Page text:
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Chase exec: Build around a mobile-first mentality

SAN FRANCISCO ? A Chase executive at the 2013 Mobile Marketing Association Forum San Francisco said that as consumers turn to their mobile devices as a primary way to access their finances, the company is focusing on a mobile-first mentality.

During the ?Enriching the consumer experience through rich media? session, executives from InMobi and Chase discussed how mobile marketing and advertising can be effective as part of a media spend. Additionally, the Chase executive dished on the company?s mobile strategy.

?We want to be sure that we are building around the mobile-first mentality ? it is a reality that the moment that you wake up, you have an alert that is sitting in your queue that says, ?here?s your bank account,? said Russ Eisenman, head of mobile product marketing and partnerships at JP Morgan Chase, New York.

?Those are all things that change behavior and immediately engage with that bank accounter,? he said.

?Those are things that as we build enabling tools ? today they are about real money ? down the line it becomes more about what you do with the things that you pay with. So [it is about] a credit card and how you buy things or the rewards that you have available to you.?

Bank on mobile
A mobile-first mentality for Chase means that the company has teams within its design and customer service that focus on how mobile is designed first.

For example, a mobile page is not a truncated version of a Web page. Instead, it is built for the type of device that a consumer has.

When Chase originally began offering mobile banking, the demographic was more skewed towards early technology adopters. As the technology has become more mainstream, consumers? expectations for mobile is changing.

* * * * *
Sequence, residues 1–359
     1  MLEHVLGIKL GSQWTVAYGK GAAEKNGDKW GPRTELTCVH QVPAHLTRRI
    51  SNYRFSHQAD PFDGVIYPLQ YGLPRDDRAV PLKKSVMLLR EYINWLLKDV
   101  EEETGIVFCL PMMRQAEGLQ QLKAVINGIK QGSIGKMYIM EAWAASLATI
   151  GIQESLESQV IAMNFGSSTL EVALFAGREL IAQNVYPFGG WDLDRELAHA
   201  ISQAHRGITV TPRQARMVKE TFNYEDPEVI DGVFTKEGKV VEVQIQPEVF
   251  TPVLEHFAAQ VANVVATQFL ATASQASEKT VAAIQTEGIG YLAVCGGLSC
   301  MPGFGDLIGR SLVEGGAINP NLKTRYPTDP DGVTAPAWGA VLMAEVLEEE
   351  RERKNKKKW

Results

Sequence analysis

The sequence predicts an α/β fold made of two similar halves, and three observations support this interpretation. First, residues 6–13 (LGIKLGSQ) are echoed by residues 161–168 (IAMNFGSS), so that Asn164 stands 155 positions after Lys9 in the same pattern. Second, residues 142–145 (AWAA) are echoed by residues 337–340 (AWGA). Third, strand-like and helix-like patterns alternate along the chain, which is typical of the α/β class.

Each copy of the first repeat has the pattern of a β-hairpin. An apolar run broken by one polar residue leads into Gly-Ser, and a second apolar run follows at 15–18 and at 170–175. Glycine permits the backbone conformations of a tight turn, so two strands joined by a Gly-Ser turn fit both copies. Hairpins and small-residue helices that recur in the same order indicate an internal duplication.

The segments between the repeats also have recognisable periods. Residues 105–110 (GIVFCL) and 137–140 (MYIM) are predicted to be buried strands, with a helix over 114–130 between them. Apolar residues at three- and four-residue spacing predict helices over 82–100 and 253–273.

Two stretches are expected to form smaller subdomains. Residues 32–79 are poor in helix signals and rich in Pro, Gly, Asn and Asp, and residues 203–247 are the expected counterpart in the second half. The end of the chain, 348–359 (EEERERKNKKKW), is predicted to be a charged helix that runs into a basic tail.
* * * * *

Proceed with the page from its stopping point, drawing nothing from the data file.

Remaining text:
According to Mr. Eisenman, mobile bankers tend to be more active bankers, meaning that they want to regularly check their accounts and information.

When it comes to types of information, checking account balance is the No. 1 activity for mobile users, meaning that push notifications and messaging plays a big role in making a mobile device the first place that users go to access their financial information.

More sophisticated features ? such as mobile deposits ? are also being favored by users as they become more comfortable interacting with their devices.

Chase?s mobile strategy is focused first on task-oriented features before some of the more complex mobile banking features.

Loyalty and being able to take rewards into the real world is something that needs to be more engaging for customers.

However, keeping a user?s privacy and patience in mind is key. For example, although mobile messaging does let financial institutions build a deeper connection with consumers, it can also be invasive if it is abused.

As far as platforms go, Mr. Eisenman said that the company?s iPhone app is the most popular app platform, followed closely with Android.

Engaged group of users
According to Crid Yu, vice president and managing director of North America at InMobi, Palo Alto, CA, said that mobile has the ability to touch a consumer at every stage of the purchase process.

In fact, research from InMobi found that mobile helped 45 percent of consumers make a purchase either online or offline.

Additionally, the InMobi exec said that mobile is a mainstream media channel and consumers find mobile ads useful.

Mr. Yu also presented results from an ad campaign with Tums. The ad used in-banner animation and when clicked on, users could engage with the brand on Facebook or Twitter or visit the company?s mobile site.

The ad generated 7,091,798 impressions with a 92 percent click-through rate.

Research from InMobi also found that mobile has taken over as the primary marketing channel that consumers spend time on.

However, there is a big gap between the time spent on mobile and the ad dollars that marketers are allocating to it.

?We saw this with online, which is consumption leads and ad dollars follow,? Mr. Yu said.

?Many years ago we talked about how online is disproportionate to offline with ad spend, and we see the same with mobile,? he said.

?Mobile is very powerful and it is begging for us to take advantage of it cross-platform. There is no such thing as a captive screen anymore.?

Final Take
Lauren Johnson is associate reporter on Mobile Marketer, New York